Figure 3. I would get the COVID-19 vaccine in my employer recommended it (female vs. male)
Additionally, those who feel sincerely cared about by their managers are more likely to trust and be persuaded by their employer’s encouragement to get vaccinated. In particular, employees who responded favorably to the statement, “My manager cares about me as a person” are nearly 2X more likely to get the COVID-19 vaccine if their employer recommended it than are employees who responded unfavorably to the statement. This is yet another indicator that great leadership and investing in the individual and unique needs of employees is critical to an organization's success.
Figure 4. I would get the COVID-19 if my employer recommended it (My manager cares)
Split Employee Sentiments on Vaccination
When asked specifically if they agreed with a number of statements, it is clear that employees have split sentiments about the vaccine. Key findings include:
- 60% of employees are fearful of the potential side effects of the vaccine; however, more than 67% believe the research and development of the vaccine is trustworthy.
- Half (50%) say their employers have encouraged them to get the vaccine when available, while 38% say their organizations are requiring it in order to return to the physical workplace.
- Just over half (54%) would feel safe returning to the office if they were vaccinated, even if others weren’t, while another 64% believe there is no safe return to work until all employees are vaccinated. Those who are working remotely are more likely to believe there is no safe return without requiring all employees to be vaccinated (68% versus 58%) than are those already working at the office.
- Just over half (52%) say they would get the vaccine so they wouldn’t have to wear a mask at work; however, the CDC still recommends mask wearing even after having received the two doses of the vaccine.
Organizations continue to face many difficult decisions when it comes to the (actual and perceived) safety of their employees, and about what will become the next normal in the workplace, and how to keep business on track during turbulent times. These decisions are made even more difficult by mixed feelings about the vaccine and the criteria for employees to feel safe returning to the physical workplace. Many of these mixed feelings are based on individual beliefs and specific situations that vary greatly. It is imperative that, given this inconsistency in level of comfort, employers truly understand the needs of their employees and ensure they feel safe and confident before requiring them to return to work.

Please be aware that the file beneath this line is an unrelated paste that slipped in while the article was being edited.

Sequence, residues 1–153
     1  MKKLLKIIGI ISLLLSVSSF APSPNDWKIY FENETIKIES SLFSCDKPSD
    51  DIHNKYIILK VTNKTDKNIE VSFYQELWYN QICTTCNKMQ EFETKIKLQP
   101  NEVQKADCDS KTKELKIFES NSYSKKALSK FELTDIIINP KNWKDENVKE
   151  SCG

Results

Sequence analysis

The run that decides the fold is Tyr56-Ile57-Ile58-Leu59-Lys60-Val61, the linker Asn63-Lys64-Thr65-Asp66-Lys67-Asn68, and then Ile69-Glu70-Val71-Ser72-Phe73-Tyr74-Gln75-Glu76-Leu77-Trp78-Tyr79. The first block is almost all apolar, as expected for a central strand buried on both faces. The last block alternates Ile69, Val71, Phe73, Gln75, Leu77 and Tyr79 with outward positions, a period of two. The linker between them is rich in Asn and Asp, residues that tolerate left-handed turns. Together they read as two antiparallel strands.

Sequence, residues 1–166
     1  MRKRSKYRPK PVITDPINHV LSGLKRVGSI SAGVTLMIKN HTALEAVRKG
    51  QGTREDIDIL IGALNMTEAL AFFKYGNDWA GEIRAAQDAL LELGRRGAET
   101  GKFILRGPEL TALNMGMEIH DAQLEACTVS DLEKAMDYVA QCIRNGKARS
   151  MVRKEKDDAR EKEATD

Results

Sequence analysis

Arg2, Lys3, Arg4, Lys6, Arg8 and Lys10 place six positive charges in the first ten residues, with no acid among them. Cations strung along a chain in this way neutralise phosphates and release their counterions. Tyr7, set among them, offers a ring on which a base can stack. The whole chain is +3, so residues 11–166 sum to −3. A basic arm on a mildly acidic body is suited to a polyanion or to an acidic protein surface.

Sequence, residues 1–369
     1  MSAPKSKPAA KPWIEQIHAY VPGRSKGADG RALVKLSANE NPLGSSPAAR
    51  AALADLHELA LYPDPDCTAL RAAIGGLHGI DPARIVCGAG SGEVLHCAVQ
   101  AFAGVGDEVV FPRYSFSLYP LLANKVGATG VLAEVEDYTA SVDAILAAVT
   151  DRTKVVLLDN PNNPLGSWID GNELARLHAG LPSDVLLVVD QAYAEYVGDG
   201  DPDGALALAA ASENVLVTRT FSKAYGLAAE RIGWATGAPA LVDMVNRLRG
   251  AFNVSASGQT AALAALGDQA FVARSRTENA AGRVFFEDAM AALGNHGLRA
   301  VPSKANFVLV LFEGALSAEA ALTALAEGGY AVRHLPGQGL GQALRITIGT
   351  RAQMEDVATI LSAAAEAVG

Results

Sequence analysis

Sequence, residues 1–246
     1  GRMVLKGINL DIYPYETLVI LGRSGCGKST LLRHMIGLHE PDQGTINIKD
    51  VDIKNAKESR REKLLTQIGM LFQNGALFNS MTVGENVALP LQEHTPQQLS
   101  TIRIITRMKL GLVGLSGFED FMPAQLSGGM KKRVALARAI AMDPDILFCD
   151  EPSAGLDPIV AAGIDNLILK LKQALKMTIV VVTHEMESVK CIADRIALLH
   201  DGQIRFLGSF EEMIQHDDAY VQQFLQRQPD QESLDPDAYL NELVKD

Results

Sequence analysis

Need to Know
- Employees will take advice from their organizations, but will balk at being forced to get vaccinated. Strong, personal relationships between employees and their managers increase the likelihood of employees getting vaccinated if their employer recommends it.
- Organizations with both essential workers and those working remotely may have the greatest struggle in forming a comprehensive return to work plan for all, as essential workers who continue to work in the physical workspace generally feel more comfortable and safe in the physical workspace than do their remote-working co-workers, and they are more likely to resist vaccination, regardless of whether they are encouraged or required by employers.
- A key way to build strong relationships is with quality two-way listening: Don’t talk to employees, talk with employees. One way to accomplish two-way listening is via return to work pulse surveys and action planning. The Perceptyx Return To Work survey measures crucial needs and environmental factors for employees at every stage of the reintegration process and uncovers barriers that can be addressed to mitigate risks to health, safety, and wellbeing, as well as risks to productivity and customer experience.